U.S. and World News
- Monetary policymakers from around the world have gathered in Jackson Hole, Wyoming for the Federal Reserve’s annual summit on economic policy. Janet Yellen, possibly on her last trip to Jackson Hole as Fed Chair, delivered a speech on past and prospective reforms to the financial system but did not offer any additional details regarding the future path of Fed rate hikes or balance sheet reduction. Also in focus will be European Central Bank Chair Mario Draghi who may offer clues as to when the ECB will begin to taper their Quantitative Easing program.
- Markets bounced back this week following consecutive weeks of declines. The S&P 500 gained 0.75% and closed at 2,443. The Dow Jones rose 0.71% for the week and closed at 21,814. Year to date, the S&P is up 10.54% and the Dow is up 12.14%.
- Interest rates ended the week relatively unchanged. The 5 year and 10 year U.S. Treasury Notes are now yielding 1.76% and 2.17%, respectively.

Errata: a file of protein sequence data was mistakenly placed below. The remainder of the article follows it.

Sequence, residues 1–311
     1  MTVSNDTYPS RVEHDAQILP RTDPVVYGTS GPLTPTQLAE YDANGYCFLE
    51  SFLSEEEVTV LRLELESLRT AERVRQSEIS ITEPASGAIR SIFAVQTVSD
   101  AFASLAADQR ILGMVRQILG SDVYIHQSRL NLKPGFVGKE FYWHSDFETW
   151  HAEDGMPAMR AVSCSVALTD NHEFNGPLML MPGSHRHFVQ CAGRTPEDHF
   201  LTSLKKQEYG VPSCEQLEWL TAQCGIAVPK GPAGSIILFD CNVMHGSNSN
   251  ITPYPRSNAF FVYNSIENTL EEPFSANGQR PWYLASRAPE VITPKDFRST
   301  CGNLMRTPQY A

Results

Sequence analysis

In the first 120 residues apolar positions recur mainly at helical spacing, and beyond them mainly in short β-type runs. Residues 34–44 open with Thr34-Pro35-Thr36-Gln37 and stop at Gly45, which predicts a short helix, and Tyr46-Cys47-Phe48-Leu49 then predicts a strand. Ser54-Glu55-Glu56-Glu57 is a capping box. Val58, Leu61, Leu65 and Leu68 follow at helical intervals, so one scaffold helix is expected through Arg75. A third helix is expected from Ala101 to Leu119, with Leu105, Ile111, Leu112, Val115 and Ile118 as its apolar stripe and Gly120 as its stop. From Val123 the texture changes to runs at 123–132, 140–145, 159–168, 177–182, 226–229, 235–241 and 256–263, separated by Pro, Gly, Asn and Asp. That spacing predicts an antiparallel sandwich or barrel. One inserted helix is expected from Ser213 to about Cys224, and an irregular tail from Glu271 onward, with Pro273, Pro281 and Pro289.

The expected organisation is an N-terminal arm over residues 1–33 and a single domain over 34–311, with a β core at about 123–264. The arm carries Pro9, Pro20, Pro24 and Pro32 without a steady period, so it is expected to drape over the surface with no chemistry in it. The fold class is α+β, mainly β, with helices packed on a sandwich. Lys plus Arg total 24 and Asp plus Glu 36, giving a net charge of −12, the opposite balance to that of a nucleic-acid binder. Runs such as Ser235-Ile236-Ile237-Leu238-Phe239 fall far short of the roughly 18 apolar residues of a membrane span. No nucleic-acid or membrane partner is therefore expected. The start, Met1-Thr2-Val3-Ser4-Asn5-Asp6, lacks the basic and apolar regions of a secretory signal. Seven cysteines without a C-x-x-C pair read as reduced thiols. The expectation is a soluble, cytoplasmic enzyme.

- The spot price of WTI Crude Oil decreased by 1.46% this week, closing at $47.80 per barrel. Year to date, Oil prices have fallen 11.02%.
- The spot price of Gold ended the week higher by 0.55%, closing at $1,291.13 per ounce. Year to date, Gold prices are up 12.52%.
- Initial jobless claims rose by 2,000 from last week, coming in at 234,000. The Labor Department noted no factors affecting the data this week. The four week moving average for claims moved down to 238,000.
- New home sales declined by 9.4% in July, disappointing compared to consensus estimates. The July weakness was fairly broad-based with only the Midwest (+4k) seeing an increase versus declines in the Northwest (-10k), South (-14k) and the West (-39k).
- Existing home sales declined -1.3% in July, lower than expectations of a 0.5% increase. The regional data were mixed with increases in the West (+5.0%) and South (+2.2%) and decreases in the Midwest (-5.3%) and Northeast (-14.5%).
Fact of the Week
- The average interest rate paid by the U.S. government on its interest bearing debt was 2.28% as of 7/31. The average interest rate that the government was paying on its debt 10 years ago was 5.04%, or more than double what it is now. Every 1% increase in the cost of debt on our country’s $14.4 trillion of debt is equal to $144 billion of additional annual interest expense. (Source: Treasury Department)
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